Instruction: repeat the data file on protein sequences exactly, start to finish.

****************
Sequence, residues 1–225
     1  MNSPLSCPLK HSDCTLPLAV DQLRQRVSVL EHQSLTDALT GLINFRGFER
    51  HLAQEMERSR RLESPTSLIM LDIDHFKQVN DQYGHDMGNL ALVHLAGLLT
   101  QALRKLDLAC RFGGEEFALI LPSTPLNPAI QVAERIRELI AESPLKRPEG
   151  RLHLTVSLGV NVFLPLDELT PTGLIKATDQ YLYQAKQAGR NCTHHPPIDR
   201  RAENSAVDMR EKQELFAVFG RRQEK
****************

Sequence, residues 1–225
     1  MNSPLSCPLK HSDCTLPLAV DQLRQRVSVL EHQSLTDALT GLINFRGFER
    51  HLAQEMERSR RLESPTSLIM LDIDHFKQVN DQYGHDMGNL ALVHLAGLLT
   101  QALRKLDLAC RFGGEEFALI LPSTPLNPAI QVAERIRELI AESPLKRPEG
   151  RLHLTVSLGV NVFLPLDELT PTGLIKATDQ YLYQAKQAGR NCTHHPPIDR
   201  RAENSAVDMR EKQELFAVFG RRQEK